c=“http://images.popmatters.com/bullet.gif” alt=”” width=“10” height=“10” border=“0” /> Comment
I’ve been going to rock shows for a good 26 years now and listening to music for almost 40. Growing up, my four older brothers and two older sisters gave me a fine education in pop, rock, soul, country, and the blues. It’s true, as a teen, most of what I spun on the hi-fi was punk rock, ska, and new wave, but my brother Bill did instill in me a fascination with the Chicago blues (well, Muddy Waters and Bo Diddley’s Chess sessions, at least).
Having lived in Chicago for nine years, one might think the Chicago Blues Festival is one of my regular destinations. In truth, I’ve gone only twice in the whole time I’ve lived here. Frankly, the Blues as a genre have seemed a bit stale in recent years. The last time I remember getting excited by a blues album was in the ‘90s when the nasty, juke-joint Fat Possum blues sound was at its zenith—proudly played by artists like R. L. Burnside, T-Model Ford, and Big Jack Johnson.
Of course, that’s not the reason I haven’t gone. What I’d really love to see at the Chicago Blues Festival is something a bit more eclectic. Why not book some rock bands like the White Stripes, the Dirtbombs, or Eagles of Death Metal, whose sound owes a large thanks to the the blues? What about the desert blues? Tinariwen, Boubacar Traore, Konono No. 1, and Amadou and Mariam would make a blues festival a true delight. Oh to be a festival curator instead of a lowly music scribe.
This year’s line-up did feature two performers, though, that caught my eye. Bettye LaVette and Bobby Blue Bland are both giants. Living legends, they can certainly be filed under the blues, but in truth both singers are far more versatile. LaVette cut her first single—a soulful rhythm and blues croon called “My Man He’s a Loving Man”—as a 16-year-old in 1962 and was immediately compared to other rhythm and blues shouters like Aretha Franklin and Etta James. She had another hit, “Let Me Down Easy” in 1965. The ensuing years were not so kind to LaVette. Though she recorded for the likes of Atlantic and Motown and toured with Clyde McPhatter, Otis Redding, and James Brown, much of her music seemed got lost in the dustbin of music history.
Thanks to the French label Art and Soul, LaVette’s lost record, Child of the ‘70s, was unearthed and finally released in 2000, marking the singer’s return to the world of pop music. Having won a W.C. Handy Blues Award for her 2003 album A Woman Like Me, LaVette is currently on the road promoting her most recent disc, I’ve Got My Own Hell to Raise—a collection of songs written by women songwriters from Dolly Parton and Sinead O’Connor to Lucinda Williams and Fiona Apple.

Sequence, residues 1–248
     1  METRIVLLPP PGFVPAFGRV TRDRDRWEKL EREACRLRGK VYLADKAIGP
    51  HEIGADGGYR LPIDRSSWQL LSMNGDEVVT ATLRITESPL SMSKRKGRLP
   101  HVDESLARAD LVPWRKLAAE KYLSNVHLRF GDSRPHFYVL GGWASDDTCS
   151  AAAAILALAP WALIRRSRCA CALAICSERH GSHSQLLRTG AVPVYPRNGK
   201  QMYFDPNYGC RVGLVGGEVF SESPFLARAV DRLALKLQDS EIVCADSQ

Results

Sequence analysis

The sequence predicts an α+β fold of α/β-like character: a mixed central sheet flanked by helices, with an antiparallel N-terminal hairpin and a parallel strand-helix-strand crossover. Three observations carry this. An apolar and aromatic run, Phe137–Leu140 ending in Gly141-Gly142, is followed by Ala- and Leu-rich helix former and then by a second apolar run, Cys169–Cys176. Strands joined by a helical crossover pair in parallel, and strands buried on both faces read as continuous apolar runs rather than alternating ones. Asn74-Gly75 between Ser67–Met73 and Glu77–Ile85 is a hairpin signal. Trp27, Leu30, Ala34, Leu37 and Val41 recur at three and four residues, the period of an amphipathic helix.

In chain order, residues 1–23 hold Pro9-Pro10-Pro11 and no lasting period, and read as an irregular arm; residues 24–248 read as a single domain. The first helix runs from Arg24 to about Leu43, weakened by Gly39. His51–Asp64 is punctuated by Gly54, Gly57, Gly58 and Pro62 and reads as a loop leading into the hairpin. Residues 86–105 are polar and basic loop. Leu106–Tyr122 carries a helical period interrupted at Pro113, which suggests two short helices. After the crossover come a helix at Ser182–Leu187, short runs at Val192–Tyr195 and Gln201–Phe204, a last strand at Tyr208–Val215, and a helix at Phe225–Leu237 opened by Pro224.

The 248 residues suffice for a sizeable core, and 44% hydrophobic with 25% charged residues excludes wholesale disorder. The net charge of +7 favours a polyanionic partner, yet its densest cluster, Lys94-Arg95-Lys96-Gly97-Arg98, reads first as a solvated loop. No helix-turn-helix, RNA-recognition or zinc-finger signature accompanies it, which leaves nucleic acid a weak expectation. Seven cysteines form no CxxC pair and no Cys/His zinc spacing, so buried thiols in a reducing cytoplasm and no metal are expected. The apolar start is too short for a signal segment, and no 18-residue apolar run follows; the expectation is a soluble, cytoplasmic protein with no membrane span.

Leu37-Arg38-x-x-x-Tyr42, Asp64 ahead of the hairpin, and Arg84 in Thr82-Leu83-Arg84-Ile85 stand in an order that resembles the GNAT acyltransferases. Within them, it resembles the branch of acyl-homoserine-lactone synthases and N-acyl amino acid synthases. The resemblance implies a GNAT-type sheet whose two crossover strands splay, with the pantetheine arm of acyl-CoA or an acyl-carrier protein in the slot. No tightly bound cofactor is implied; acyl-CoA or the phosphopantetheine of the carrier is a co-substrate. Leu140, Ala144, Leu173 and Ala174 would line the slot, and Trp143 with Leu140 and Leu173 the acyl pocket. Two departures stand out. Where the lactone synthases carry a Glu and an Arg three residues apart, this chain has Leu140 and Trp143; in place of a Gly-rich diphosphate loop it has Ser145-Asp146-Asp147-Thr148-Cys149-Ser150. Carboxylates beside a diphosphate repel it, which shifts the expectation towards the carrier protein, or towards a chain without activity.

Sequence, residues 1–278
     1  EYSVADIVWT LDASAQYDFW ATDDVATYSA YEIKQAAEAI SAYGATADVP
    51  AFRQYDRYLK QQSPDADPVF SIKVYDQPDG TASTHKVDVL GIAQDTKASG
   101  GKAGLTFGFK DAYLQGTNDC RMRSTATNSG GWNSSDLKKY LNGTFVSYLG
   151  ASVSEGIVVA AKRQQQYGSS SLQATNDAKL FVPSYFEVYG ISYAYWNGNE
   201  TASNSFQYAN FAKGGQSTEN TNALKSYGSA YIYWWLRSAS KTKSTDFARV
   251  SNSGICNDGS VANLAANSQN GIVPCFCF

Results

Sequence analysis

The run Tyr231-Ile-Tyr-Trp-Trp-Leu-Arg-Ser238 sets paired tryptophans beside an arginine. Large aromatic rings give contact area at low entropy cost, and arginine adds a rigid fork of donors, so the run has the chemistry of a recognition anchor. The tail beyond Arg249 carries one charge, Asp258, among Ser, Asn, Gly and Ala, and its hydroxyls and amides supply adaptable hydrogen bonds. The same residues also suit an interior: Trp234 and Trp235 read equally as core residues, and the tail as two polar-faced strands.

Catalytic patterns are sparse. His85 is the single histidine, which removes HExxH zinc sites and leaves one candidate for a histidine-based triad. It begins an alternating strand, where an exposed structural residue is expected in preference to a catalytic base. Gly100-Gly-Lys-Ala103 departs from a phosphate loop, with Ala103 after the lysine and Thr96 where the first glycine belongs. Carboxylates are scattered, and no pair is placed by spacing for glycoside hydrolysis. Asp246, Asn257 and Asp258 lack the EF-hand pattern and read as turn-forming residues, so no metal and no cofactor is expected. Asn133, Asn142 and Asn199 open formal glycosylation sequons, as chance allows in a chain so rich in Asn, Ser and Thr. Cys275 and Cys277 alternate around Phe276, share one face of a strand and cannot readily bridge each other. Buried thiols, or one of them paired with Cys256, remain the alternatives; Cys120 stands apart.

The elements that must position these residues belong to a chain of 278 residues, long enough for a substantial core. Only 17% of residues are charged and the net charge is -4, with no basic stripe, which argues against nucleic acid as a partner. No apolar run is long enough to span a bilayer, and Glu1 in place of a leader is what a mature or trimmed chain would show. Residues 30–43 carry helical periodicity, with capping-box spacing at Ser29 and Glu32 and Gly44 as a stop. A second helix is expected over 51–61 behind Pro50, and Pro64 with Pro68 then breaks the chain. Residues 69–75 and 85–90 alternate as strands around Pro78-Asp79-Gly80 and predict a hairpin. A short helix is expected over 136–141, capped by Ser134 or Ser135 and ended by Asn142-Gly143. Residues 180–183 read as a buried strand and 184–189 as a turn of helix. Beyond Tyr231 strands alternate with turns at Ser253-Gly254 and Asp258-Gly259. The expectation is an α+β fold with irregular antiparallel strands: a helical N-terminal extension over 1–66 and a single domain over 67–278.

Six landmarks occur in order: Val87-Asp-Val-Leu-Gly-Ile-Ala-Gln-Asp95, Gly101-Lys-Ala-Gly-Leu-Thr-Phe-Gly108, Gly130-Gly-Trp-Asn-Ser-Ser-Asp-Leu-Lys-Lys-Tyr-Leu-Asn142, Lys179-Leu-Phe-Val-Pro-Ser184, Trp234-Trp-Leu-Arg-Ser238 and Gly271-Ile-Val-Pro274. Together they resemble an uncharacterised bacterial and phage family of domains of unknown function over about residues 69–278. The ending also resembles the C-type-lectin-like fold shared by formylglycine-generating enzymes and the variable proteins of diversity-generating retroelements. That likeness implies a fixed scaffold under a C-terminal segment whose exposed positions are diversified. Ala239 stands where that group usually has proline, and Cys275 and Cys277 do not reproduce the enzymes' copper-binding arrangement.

Closing out the first day of Chicago’s Blues Festival on a cool June night, LaVette was red hot. By the time I got to the Petrillo Band Shell and navigated the hordes of hippies, frat boys, mullets, and moustaches, LaVette was already at center stage in a tight white outfit, slick pants, and a sleeveless top. She looked every bit a sexy soul singer as she howled out the refrain of Lucinda Williams’ “Joy,” breathing bluesy fire into the track.
LaVette delved deep into down-home blues, raging and roaring as the crowd howled and testified in response. Not far from the Delta, LaVette found a taste of the Muscle Shoals sound in her re-working of Dolly Parton’s “Sparrow”. Backed by a slow, soulful groove, LaVette bent and twisted her voice between a roar and a whisper, singing with sublime ease. Few singers can do in three minutes of belting the blues what LaVette achieves in a single, whispered word.
More than just an incredible voice, LaVette remains also quite the entertainer. She sashayed across the stage, gesticulating passionately with her hands and pouring her whole body into her vocals. She was especially animated as she delivered bluesy soul gems like “Serves Him Right”—a big middle-finger salute to cheating, backsliding boyfriends and husbands. Much more Stax than Chess, LaVette’s style is a soulful serenade rather than a juke-joint shout.
Her skills as jazz vocalist were brought to bear on “Souvenirs”, a John Prine number that found Bettye quivering and quaking with a bluesy moan over a faintly flickering piano and an organ reminiscent of Procul Harum’s “Whiter Shade of Pale”. It was a majestically disquieting performance.
Introducing the next number, LaVette proclaimed, “I’d like to sing you all the first song I ever recorded. It was 1962 and I was just 16. Back then I had no idea what I was talking about, but I do now. It’s called ‘My Man He’s a Loving Man.’” LaVette proceeded to turn the Blues Festival into an intimate club show, one dripping with the sexy swagger of her soul classic.
As expected, “Let Me Down Easy”—a song LaVette has declared to be her “mantra for the past 40 years”—proved to be a crowd favorite. The church organ, soulful backbeat, and almost symphonic sound matched LaVette’s husky vocal pleas perfectly. Her body bowed and bent as she ground deep to the stage, howling, moaning, and exalting with all her might.
LaVette’s performance brought a much-needed vitality to the Chicago Blues Festival and even convinced me that blues might have more to offer than the same old, same old. If only there had been more singers and entertainers like Bettye LaVette working the scene, maybe I wouldn’t have stayed away so long.
Bettye Lavette - Let Me Down Easy